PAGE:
## Archive for February 2011

### Performing SURDgery

February 20, 2011

Everyone knows about numbers. How difficult can they be, really?

Of course, there is zero, and you can go down into the negative numbers. That’s still OK

What about between numbers – fractions and decimals. No problems yet, right?

OK, so what else can happen –  well we start divding the numbers into types. Natural (counting), Whole (natural and zero), Integers (Whole and negative), Rational (numbers that can be expressed as fractions). You can calculate the fraction of any repeating decimal by a simple process (shown at either of these links: 1,2)

### You Can’t Touch This (or Kick Asymptote Maths!)

February 20, 2011

Mathematics gets a bit crazy sometimes – when is a function a function? Where can functions go and not go? What the hell is a domain? A Co-domain? an Image? What’s with these asympotes? Maths is supposed to be about numbers, right?

Well, don’t worry. In a half a year or so, this will seem easy – you will be wishing you could deal with simple stuff like rectangular hyperbolas, fourth order polynomials with real roots, trunci, functional long division, remainder theorems and partial fractions.

Wait a moment. That probably wasn’t as reassuring as I thought…

Nevermind – You enrolled in mathematical methods, it was your choice, so you may as well get into it. What doesn’t kill you, makes you stronger. And if it does kill you, at least you won’t have to do anymore homework!

February 19, 2011

Everyone “knows” that you can tell if something is radioactive – just turn of the lights and it will glow green.

Everything from toxic slime, the incredible hulk, teenage mutant ninja turtles to the simpsons and beyond tells us that this is true. Unfortunately, it is not that simple – radiation is not green, and not visible, and most importantly of all, will not give you superpowers. Dr. Karl has a great summation of this idea, here.

Radiation has had an interesting history. From the early days, when it was thought to be a universal cure-all, to now, when it is (largely) considered an unmitigated risk – lethal in all circumstances.

You already know more about what radiation actually is than the vast majority of people, and if you have explored the blog, you will have found the previous posts I have made about radiation (1, 2), in which case you will know more than your classmates – which is always a good thing!

This post is to give you some information about the history of humanity’s interactions with Radiation – which is pretty bizzare to say the least!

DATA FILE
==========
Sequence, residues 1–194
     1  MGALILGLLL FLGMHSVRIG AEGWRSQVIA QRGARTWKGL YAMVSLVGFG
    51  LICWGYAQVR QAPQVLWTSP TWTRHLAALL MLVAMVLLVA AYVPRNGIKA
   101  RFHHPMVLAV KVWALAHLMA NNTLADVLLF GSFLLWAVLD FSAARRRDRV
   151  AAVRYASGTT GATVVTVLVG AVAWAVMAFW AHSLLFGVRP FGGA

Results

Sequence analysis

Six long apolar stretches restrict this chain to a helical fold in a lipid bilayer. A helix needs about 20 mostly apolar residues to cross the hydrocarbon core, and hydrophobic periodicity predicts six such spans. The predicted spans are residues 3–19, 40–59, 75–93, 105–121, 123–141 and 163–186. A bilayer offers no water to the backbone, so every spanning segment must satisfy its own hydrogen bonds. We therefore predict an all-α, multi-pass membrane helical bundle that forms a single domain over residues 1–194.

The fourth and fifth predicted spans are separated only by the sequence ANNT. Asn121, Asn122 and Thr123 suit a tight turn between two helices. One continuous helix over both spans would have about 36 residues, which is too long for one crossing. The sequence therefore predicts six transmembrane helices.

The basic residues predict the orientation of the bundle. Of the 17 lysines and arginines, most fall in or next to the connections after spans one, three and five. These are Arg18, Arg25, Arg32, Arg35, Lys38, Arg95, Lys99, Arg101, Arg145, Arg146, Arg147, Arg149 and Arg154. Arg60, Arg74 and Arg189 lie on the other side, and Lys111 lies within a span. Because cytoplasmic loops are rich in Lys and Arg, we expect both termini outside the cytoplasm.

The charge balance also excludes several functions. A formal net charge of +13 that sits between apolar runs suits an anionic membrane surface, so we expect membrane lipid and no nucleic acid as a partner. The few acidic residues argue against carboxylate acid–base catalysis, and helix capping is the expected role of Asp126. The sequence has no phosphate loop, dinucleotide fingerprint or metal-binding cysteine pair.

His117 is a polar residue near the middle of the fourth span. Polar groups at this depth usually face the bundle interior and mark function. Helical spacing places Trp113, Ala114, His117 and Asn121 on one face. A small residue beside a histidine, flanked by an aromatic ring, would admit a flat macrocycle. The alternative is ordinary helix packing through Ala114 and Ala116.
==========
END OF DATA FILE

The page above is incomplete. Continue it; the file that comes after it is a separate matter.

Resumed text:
### Turn up the volume!

February 13, 2011

Welcome to Enrichment Mathematics for 2011 – this year will be intense, but fun. The purpose of this class is to challenge you, and prepare you for advanced studies of mathematics next year as part of your VCE.

We will be using the VCE General Mathematics (Advanced) textbook, but we will also be using other resources as appropriate. Just in case you were worried, this is a year 10 course, and you won’t be expected to do everything a year 11 student of advanced general would be. This doesn’t mean you should try – all of you are capable of mastering the content if you have enough commitment.

Our first topic of study is “Mensuration” – the study of areas and volumes, including calculation of compound formulas, pythagoras in three dimensions, and circular geometry. Each of these topics will be covered in one week, and our first test will be in the third week.

It is time to get started – you should begin by checking your notes from last year; Measurment was part of last year’s curriculum. You need to review your bound reference (a summary book that you write yourself; you may take this into all tests), and get it ready for this year. That means that if you have one, bring it to class. If you don’t, buy one and then bring it to class.

I’ve included a few videos below the fold to help you get started with the content. You need to make a point of visiting this blog, watching the videos and commenting. Part of your assessment this year will be throught your participation and contribution to this blog.